Rabbits require daily interaction with, and affection from, their owners. If a rabbit’s weight is not supported during handling, its back can be injured. Rabbits need to chew to maintain their physical and psychological health. Commercially available pelleted feeds can provide good nutrition at a reasonable cost but often do not have an adequate fiber content. Rabbits produce two types of droppings. One is firm; the other is soft. Rabbits eat the soft type of feces, which supplies protein, vitamins, and other nutrients.
Rabbits that are kept outdoors in temperature extremes must have a shelter that is heated in winter and cooled in summer.
Frequent removal of waste is important for preventing respiratory disease in rabbits. When your rabbit is outside the cage, he or she must be supervised and/or contained in a safe play area. Spayed and neutered rabbits have fewer health problems (related to reproduction) and are better adjusted, less territorial, and easier to litter train than intact rabbits.
A clean, roomy cage and a nutritious diet are important to keeping your rabbit healthy and happy. Also important is the time you spend interacting with your rabbit: a bored and lonely rabbit can become destructive and even aggressive. Providing the interesting surroundings and companionship that your rabbit needs can help him or her be well adjusted and affectionate.
To pick up and hold your rabbit, grasp the loose skin over the shoulders with one hand while supporting the rump (and the rabbit’s weight) with the other hand. If a rabbit’s weight is not supported during handling, its back can be injured. Because rabbits can be fragile, they may not be suitable pets for young children.
Rabbits need to chew to maintain their physical and psychological health. Provide your rabbit with a variety of chewable items, such as commercial chew toys that have been developed for rabbits. This can help prevent boredom and wear down the teeth, which constantly grow throughout life.
Rabbits are plant eaters (herbivores). Here are some guidelines for your rabbit’s daily menu:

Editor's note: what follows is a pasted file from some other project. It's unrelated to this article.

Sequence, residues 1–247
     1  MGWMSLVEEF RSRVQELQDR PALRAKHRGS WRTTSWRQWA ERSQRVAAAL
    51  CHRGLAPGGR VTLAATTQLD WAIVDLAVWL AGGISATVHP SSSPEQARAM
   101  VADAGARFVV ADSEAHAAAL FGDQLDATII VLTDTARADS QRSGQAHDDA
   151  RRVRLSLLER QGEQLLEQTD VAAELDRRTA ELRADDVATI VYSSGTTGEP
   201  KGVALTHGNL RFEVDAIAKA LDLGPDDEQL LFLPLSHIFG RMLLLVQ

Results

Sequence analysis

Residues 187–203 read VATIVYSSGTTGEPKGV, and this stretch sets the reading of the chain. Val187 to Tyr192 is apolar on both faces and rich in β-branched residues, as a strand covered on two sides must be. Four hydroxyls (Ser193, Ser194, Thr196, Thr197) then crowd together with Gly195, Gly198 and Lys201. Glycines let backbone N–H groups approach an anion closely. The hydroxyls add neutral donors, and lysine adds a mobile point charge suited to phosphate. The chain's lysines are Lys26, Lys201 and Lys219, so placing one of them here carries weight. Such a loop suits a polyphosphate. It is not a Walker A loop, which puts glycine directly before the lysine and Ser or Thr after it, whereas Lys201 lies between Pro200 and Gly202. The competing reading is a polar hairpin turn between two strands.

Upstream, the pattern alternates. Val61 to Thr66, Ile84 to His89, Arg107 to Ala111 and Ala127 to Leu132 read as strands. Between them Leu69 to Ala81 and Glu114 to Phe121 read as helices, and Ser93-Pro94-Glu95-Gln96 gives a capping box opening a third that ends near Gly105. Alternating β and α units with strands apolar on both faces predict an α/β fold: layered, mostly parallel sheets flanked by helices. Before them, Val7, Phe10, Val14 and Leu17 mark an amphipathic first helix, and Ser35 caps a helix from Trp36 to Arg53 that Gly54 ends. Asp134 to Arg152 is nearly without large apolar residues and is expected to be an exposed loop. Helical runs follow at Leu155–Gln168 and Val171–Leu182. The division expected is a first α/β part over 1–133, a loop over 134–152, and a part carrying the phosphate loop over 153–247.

Feed unlimited quantities of fresh, green, dust-free, and mold-free timothy hay, brome, or other grass hay. This is crucial for keeping your rabbit’s intestinal tract healthy. Alfalfa can be fed to rabbit kits and, in restricted amounts, to full-grown rabbits.
Feed high-quality food pellets formulated for rabbits. The pellets should have at least 15% to 19% protein and 18% fiber and should be fresh and plain, without seeds, nuts, or colored tidbits. Until your rabbit is full grown (around 6 months of age), he or she can have unlimited pellets. After that, pellets should be limited to 1/8 to 1/4 cup per day per 5 pounds of body weight. Pelleted feeds should be stored in an airtight container and kept cool and dry to prevent destruction of vitamins.
Feed dark-green leafy vegetables (such as romaine lettuce, spinach, collard greens, parsley, cilantro, basil, mustard greens), which provide the fiber necessary to keep your rabbit's gastrointestinal system working properly. A minimum of 2 cups per 6 pounds of body weight is recommended. The following should be fed in restricted amounts: turnip greens, broccoli leaves, spinach, kale, and collard greens.
Feed small amounts of fruits, such as apples (remove all seeds), pears, strawberries, peaches, raspberries, blueberries, and pineapple.
Because fruits and vegetables with a high water content (such as cucumbers and grapes) may cause diarrhea, feed them to your rabbit in small quantities only.
The following are toxic to rabbits: beans, rhubarb, potatoes, chocolate, corn, cauliflower, cabbage, apple seeds, philodendron, lily of the valley, calla lily, azalea, aloe.
Provide fresh, clean water in a bottle.
Rabbits may be housed indoors or outdoors, but prolonged exposure to temperatures above 80°F (26°C) can cause illness, including heat prostration. Domesticated rabbits should not be kept in temperatures below 50°F (15°C). Rabbits that are kept outdoors in temperature extremes must have a shelter that is heated in winter and cooled in summer.